But what are all these concocted characters doing in his stories?

Those wildly invented situations, in villages and in cities

Give Ruskin an empty dining room and he will fill it up with the most unimaginably delightful characters. Give him an empty platform and he can show you how love looks through two pairs of eyes, or how motherhood is born, one of a different kind. Give him a running bogey and he’ll make parallel lives meet, in the darkness of sight or of tunnels. And make him climb a hill to show you what wrinkled loneliness lives among the flowers. Or, just give him a tiny flower-bed and see a cherry tree bloom in your mind’s garden, ‘taller than Grandfather, who was older than some of the oak trees.

There’s humour, for two lovers of the same Sushila are wondering aloud together – ‘Do we both wait and let her make a choice?’ and there’s ‘untrammelled cruelty’ because there’s a boy somewhere who ‘likes to be teased and beaten.’ Oh! There’s uninhibited laughter too, when you encounter the grandfather hanging on to the wing of an enraged ostrich or sit with Her Highness pit drunk at an empty bar in the Savoy, Mussoorie, with a hungry birthday party in tow.

Those who have read him as much as I have will visualize each story above. Those who will read now will realize how pregnant with emotion simple imagined acts, like of willfully forgetting an umbrella at another’s table can be, or how joyous to read that a brother finally got bangles for his sister.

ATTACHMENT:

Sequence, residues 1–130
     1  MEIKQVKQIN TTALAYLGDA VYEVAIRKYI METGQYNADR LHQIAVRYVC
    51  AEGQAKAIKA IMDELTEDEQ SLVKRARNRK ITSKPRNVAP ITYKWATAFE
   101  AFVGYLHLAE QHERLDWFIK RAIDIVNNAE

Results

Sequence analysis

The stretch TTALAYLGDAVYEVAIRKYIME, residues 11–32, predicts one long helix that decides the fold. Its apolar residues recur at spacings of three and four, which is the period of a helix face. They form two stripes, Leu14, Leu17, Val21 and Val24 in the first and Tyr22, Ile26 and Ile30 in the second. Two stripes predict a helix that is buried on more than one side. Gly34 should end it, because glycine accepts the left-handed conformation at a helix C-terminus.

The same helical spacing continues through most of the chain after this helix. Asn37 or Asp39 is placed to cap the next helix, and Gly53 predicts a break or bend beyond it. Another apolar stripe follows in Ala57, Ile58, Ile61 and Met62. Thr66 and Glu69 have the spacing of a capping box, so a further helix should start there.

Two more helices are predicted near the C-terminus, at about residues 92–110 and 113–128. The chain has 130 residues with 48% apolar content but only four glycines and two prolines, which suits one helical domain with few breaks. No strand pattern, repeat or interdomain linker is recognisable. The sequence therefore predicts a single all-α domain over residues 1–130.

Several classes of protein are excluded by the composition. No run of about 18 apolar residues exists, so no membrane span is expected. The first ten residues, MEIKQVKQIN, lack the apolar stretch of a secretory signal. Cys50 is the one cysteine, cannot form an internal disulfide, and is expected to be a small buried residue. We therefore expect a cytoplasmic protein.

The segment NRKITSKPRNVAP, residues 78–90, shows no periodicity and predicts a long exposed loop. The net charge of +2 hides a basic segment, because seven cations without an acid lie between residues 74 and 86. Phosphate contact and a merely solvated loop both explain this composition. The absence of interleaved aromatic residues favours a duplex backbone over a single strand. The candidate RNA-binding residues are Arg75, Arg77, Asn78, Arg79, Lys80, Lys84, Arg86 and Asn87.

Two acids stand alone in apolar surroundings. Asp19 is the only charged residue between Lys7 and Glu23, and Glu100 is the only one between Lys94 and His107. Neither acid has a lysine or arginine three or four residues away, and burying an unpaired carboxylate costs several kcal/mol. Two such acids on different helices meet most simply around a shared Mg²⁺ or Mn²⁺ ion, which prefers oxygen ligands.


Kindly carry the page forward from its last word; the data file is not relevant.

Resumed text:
Wacky or wild, somber or serene, the situations around the characters involve you till you get transported right where the action is. It could be the city, or it could be a forgotten village with a still smaller hamlet in the hill and a jungle beyond. The watchman in ‘The Tunnel’ knows ‘it is safer in the jungle than in the town. Nothing happens to me out here. But last month, when I went into town, I was almost run over by a bus.’ And what is Ruskin’s choice?

In Delhi, you grow old. In Deoli you are trapped in a time warp and stay young forever.

Ruskin’s heart is where his hearth is, and it shows beautifully in all his works and through his characters’ situations. What also makes his stories unforgettable are relationships, a theme that strings these 21 into a garland of winter lilies.